Methylation of NR3C1 is related to maternal PTSD, parenting stress and maternal medial prefrontal cortical activity in response to child separation among mothers with histories of violence exposure.

Schechter, Daniel S; Moser, Dominik A; Paoloni-Giacobino, Ariane; Stenz, Ludwig; Gex-Fabry, Marianne; Aue, Tatjana; Adouan, Wafae; Cordero, María I; Suardi, Francesca; Manini, Aurelia; Sancho Rossignol, Ana; Merminod, Gaëlle; Ansermet, Francois; Dayer, Alexandre G; Rusconi Serpa, Sandra (2015). Methylation of NR3C1 is related to maternal PTSD, parenting stress and maternal medial prefrontal cortical activity in response to child separation among mothers with histories of violence exposure. Frontiers in psychology, 6(690), p. 690. Frontiers Research Foundation 10.3389/fpsyg.2015.00690

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Prior research has shown that mothers with Interpersonal violence-related posttraumatic stress disorder (IPV-PTSD) report greater difficulty in parenting their toddlers. Relative to their frequent early exposure to violence and maltreatment, these mothers display dysregulation of their hypothalamic pituitary adrenal axis (HPA-axis), characterized by hypocortisolism. Considering methylation of the promoter region of the glucocorticoid receptor gene NR3C1 as a marker for HPA-axis functioning, with less methylation likely being associated with less circulating cortisol, the present study tested the hypothesis that the degree of methylation of this gene would be negatively correlated with maternal IPV-PTSD severity and parenting stress, and positively correlated with medial prefrontal cortical (mPFC) activity in response to video-stimuli of stressful versus non-stressful mother-child interactions. Following a mental health assessment, 45 mothers and their children (ages 12-42 months) participated in a behavioral protocol involving free-play and laboratory stressors such as mother-child separation. Maternal DNA was extracted from saliva. Interactive behavior was rated on the CARE-Index. During subsequent fMRI scanning, mothers were shown films of free-play and separation drawn from this protocol. Maternal PTSD severity and parenting stress were negatively correlated with the mean percentage of methylation of NR3C1. Maternal mPFC activity in response to video-stimuli of mother-child separation versus play correlated positively to NR3C1 methylation, and negatively to maternal IPV-PTSD and parenting stress. Among interactive behavior variables, child cooperativeness in play was positively correlated with NR3C1 methylation. Thus, the present study is the first published report to our knowledge, suggesting convergence of behavioral, epigenetic, and neuroimaging data that form a psychobiological signature of parenting-risk in the context of early life stress and PTSD.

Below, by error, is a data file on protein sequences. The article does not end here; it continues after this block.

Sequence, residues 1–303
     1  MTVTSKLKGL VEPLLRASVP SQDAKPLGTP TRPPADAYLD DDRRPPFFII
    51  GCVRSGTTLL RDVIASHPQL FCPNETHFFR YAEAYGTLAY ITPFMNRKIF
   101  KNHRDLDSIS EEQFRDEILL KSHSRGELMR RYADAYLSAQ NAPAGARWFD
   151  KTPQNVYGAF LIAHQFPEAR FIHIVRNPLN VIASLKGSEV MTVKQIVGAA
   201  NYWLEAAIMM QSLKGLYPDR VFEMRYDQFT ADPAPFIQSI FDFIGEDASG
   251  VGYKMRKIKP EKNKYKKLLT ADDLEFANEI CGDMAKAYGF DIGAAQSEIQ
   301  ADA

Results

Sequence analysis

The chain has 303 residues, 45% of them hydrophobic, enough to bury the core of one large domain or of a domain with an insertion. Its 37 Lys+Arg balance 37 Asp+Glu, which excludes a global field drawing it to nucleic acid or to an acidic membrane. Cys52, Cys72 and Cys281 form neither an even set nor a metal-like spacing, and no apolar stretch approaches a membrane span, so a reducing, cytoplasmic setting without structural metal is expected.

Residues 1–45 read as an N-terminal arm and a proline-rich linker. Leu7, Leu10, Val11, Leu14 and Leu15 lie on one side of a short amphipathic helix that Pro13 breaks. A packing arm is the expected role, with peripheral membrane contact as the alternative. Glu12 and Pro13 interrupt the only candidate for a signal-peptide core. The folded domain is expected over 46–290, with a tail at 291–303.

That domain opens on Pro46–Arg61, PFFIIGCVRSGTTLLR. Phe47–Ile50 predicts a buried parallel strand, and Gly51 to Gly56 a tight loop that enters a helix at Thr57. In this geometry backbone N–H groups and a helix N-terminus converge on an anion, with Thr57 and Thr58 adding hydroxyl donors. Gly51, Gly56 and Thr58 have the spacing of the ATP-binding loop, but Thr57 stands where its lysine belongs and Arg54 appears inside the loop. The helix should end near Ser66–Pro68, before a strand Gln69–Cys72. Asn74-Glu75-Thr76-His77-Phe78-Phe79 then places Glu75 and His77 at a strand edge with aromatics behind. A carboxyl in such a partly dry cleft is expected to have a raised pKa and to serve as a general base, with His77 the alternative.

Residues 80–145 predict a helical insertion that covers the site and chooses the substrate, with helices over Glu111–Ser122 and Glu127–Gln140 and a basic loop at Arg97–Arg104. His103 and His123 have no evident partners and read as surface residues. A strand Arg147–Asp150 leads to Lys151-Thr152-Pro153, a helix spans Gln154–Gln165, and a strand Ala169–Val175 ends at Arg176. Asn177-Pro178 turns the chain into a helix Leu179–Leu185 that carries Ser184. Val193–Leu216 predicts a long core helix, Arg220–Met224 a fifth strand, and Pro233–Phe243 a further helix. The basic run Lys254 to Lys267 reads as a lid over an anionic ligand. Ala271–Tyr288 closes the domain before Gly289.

Item Type:

Journal Article (Original Article)

Division/Institute:

07 Faculty of Human Sciences > Institute of Psychology > Psychological and Behavioral Health
07 Faculty of Human Sciences > Institute of Psychology

UniBE Contributor:

Aue, Tatjana

Subjects:

100 Philosophy > 150 Psychology
600 Technology > 610 Medicine & health
100 Philosophy
500 Science
500 Science > 570 Life sciences; biology

ISSN:

1664-1078

Publisher:

Frontiers Research Foundation

Funders:

[4] Swiss National Science Foundation
[UNSPECIFIED] Gertrude von Meissner Foundation
[UNSPECIFIED] Oak Foundation
[UNSPECIFIED] Fondation Prim'Enfance

Language:

English

Submitter:

Tatjana Aue

Date Deposited:

24 Aug 2015 16:24

Last Modified:

01 Jul 2018 19:00

Publisher DOI:

10.3389/fpsyg.2015.00690

PubMed ID:

26074844

Uncontrolled Keywords:

PTSD; early life stress; epigenetics; fMRI; glucocorticoid receptor (NR3c1); interpersonal violence; methylation; parenting

BORIS DOI:

10.7892/boris.71212

URI:

https://boris.unibe.ch/id/eprint/71212

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